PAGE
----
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Khan Draws Big Crowd As Pakistani Parties Launch Campaign Drives


Imran Khan, former cricket star who heads the Pakistan Tehreek-e-Insaf (PTI) party (file photo)

Tens of thousands of supporters in the eastern Pakistani city of Lahore greeted popular opposition lawmaker Imran Khan, as the country’s political parties launched their campaigns for the upcoming national elections.

Khan, a former cricket star who heads the opposition Pakistan Tehreek-e-Insaf (PTI) party, launched his drive on April 29 to become the country's next prime minister ahead of national elections in July.

Khan and his party have emerged as key challengers to former premier Nawaz Sharif, a three-time prime minister who was ousted by the Supreme Court last year but whose Pakistan Muslim League-Nawaz (PML-N) party retains power.

The rally in a Lahore park took place around a grand minaret built on the spot where, in 1940, the resolution was adopted to demand independence from British rule.

"I pledge here to work till my last breath and last drop of my blood to make this nation and this country great and prosperous," Khan told the cheering crowd while presenting an 11-point agenda.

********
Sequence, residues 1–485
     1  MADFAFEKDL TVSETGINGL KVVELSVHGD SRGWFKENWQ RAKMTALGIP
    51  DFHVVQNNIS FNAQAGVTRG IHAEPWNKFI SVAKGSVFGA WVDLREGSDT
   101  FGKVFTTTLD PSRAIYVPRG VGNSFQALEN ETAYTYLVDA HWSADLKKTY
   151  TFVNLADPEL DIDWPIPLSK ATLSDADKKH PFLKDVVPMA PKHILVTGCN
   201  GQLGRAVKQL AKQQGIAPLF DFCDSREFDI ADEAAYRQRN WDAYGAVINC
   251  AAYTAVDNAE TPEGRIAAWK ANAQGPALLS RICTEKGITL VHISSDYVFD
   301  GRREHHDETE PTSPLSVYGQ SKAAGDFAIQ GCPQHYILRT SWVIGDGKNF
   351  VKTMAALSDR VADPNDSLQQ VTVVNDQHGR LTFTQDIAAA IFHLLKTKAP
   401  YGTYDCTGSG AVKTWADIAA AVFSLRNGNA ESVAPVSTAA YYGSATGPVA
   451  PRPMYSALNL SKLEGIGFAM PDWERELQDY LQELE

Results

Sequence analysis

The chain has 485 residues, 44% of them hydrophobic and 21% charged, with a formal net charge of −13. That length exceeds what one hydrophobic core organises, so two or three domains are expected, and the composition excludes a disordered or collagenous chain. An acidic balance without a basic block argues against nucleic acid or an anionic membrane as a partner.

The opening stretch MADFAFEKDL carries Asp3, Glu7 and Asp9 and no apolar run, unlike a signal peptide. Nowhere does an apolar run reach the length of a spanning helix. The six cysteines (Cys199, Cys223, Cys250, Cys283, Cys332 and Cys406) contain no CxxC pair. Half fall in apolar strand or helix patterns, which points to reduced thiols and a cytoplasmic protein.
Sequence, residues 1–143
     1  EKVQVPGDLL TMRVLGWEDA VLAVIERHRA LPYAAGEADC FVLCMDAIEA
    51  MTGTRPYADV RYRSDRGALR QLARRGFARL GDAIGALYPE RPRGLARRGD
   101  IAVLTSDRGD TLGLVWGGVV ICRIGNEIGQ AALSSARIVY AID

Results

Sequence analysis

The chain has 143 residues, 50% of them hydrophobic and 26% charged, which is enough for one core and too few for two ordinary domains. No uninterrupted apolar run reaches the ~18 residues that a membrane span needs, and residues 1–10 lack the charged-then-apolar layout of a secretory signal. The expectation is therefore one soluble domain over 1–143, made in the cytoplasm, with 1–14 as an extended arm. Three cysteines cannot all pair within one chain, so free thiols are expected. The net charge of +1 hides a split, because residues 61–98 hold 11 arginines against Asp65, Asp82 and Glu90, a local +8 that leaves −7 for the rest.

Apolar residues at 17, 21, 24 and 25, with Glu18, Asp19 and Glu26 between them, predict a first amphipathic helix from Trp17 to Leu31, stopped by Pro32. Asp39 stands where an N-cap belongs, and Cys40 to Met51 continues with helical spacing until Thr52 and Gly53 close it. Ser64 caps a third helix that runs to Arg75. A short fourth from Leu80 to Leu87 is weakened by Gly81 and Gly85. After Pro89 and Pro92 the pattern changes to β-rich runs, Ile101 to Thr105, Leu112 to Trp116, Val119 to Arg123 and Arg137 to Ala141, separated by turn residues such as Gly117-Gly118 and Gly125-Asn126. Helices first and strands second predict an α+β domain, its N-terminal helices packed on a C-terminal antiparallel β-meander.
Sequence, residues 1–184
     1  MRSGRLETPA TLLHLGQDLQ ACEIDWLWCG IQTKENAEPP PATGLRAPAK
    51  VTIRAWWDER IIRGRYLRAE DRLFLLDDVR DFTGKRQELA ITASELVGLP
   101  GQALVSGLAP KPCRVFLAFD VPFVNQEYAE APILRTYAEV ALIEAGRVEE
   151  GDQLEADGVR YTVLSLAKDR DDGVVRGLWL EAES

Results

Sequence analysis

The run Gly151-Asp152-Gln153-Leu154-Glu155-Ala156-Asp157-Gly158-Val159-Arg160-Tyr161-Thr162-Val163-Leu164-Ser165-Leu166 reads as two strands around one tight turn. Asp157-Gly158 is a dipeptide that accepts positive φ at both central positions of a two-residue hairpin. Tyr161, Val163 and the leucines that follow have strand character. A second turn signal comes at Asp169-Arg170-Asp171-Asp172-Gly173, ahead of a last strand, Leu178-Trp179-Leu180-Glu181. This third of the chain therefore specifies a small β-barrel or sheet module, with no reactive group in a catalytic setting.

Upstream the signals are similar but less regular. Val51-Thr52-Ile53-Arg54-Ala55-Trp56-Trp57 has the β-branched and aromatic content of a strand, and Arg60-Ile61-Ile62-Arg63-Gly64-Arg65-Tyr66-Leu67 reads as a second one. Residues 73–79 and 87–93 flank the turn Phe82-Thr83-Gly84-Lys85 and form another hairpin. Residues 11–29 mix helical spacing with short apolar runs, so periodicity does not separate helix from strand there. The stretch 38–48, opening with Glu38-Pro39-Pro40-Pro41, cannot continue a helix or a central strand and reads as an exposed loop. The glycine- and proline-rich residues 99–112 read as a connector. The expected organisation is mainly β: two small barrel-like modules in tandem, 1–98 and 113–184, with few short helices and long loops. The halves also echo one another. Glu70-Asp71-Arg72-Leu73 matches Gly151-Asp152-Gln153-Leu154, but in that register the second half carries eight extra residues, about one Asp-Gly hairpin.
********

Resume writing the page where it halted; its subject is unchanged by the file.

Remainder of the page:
Khan's agenda includes reforming the country's health and educational systems, control over corruption, providing low-cost housing, and women's empowerment.

"It is time to change our destiny and think big," he said.

Khan said he would push to bring about “peaceful political change” and to defeat the country’s "corrupt" politicians.

Rallies were also held by Pakistan’s other political parties on April 29.

The Pakistan People Party of former President Asif Zardari rallied in Karachi, while the newly revived alliance of seven religious parties -- the Muttahida Majlis-e-Amal (MMA) -- gathered in Mardan.

The leader of the MMA, Maulana Fazlur Rehman, said he would not allow anyone to impose a Western agenda on the country if his party should win.

Supporters of Aftab Sherpao, former interior minister and lawmaker, rallied in the northwestern city of Swabim, while the Pashtun Protection Movement -- a group that advocates for missing people and criticizes the army for its treatment of Pashtuns -- gathered in Swat Valley.

With reporting by AP, Reuters, and The Express Tribune

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